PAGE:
Where <commi> is the commit reference for which we want to generate the tree. For our purposes, we use the parent of the latest commit in the "project-history" repository (590f4d3~ means "the parent of 590f4d3"):

> git commit-tree -m "For historic commits, run 'git replace <child-ID> 590f4d3'" "590f4d3~^{tree}"
# The returned value d3bee05 is the commit ID of the new commit

This creates a new "floating" commit (d3bee05), which contains the contents of the working-directory at the state of the commit 590f4d3~, i.e. the parent commit of 590f4d3. You can think of it as squashing all of the previous commits into one. This will be the source of the "compaction" to make our repository smaller.

Visual example of the floating commit

Now we're going to rebase the remaining commits on top of this "floating" root commit. We rebase everything that wasn't squashed on top of our new floating commit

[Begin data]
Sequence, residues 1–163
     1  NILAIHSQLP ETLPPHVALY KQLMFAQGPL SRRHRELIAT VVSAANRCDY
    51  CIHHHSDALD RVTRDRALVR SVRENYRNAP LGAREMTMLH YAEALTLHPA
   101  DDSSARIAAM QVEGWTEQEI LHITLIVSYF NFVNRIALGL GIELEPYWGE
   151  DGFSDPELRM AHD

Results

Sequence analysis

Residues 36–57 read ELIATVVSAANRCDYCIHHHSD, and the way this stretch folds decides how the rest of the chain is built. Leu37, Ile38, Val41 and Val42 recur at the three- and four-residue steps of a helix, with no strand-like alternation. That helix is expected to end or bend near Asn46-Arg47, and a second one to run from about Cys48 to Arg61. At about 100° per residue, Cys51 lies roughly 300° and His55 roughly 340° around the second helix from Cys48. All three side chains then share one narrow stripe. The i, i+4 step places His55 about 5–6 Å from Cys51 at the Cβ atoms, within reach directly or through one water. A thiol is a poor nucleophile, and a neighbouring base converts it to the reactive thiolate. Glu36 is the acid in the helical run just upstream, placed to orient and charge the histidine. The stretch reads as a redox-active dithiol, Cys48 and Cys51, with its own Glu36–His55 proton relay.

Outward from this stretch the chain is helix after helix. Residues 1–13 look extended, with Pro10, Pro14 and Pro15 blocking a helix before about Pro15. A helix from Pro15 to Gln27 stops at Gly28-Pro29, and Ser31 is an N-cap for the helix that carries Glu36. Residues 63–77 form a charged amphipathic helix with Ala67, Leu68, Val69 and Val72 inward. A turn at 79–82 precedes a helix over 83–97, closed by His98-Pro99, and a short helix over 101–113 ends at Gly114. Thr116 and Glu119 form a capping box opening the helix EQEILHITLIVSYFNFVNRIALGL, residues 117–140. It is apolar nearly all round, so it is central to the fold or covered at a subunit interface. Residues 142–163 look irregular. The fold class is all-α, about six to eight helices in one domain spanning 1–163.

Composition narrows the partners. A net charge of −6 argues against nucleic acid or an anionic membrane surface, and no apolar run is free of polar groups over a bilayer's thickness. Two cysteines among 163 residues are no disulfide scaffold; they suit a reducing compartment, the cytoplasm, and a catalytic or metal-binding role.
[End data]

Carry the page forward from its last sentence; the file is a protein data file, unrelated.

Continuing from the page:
Although not necessary in this case, I've added --rebase-merges to keep the "merge commit" structure if you're using merge commits for your PR merges.

git rebase 590f4d3~ --onto d3bee05  --rebase-merges

Visually, we're "moving" the commits onto the new floating root commit:

Visual example of the result of the rebase

Note that the "Add support for EF Core global conversions" commit appears as both the last commit in the project-history repository and as the first "real" commit in this repository. This is important, as you'll see later.

If you check the git log using git log --oneline then the whole history looks like this:

546774e (HEAD -> master) Bump version to beta06
0541428 Add "#pragma warning disable 1591" to generated code
92305a9 Add support for EF Core global conversions
d3bee05 For historic commits, run 'git replace <child-ID> 590f4d3b'

I haven't truncated the history, that's all there is! If we look at the state of our current clone in gitk you can see that the main branch is based off the floating commit d3bee05, and is now completely separate from the history branch

Visual example in git view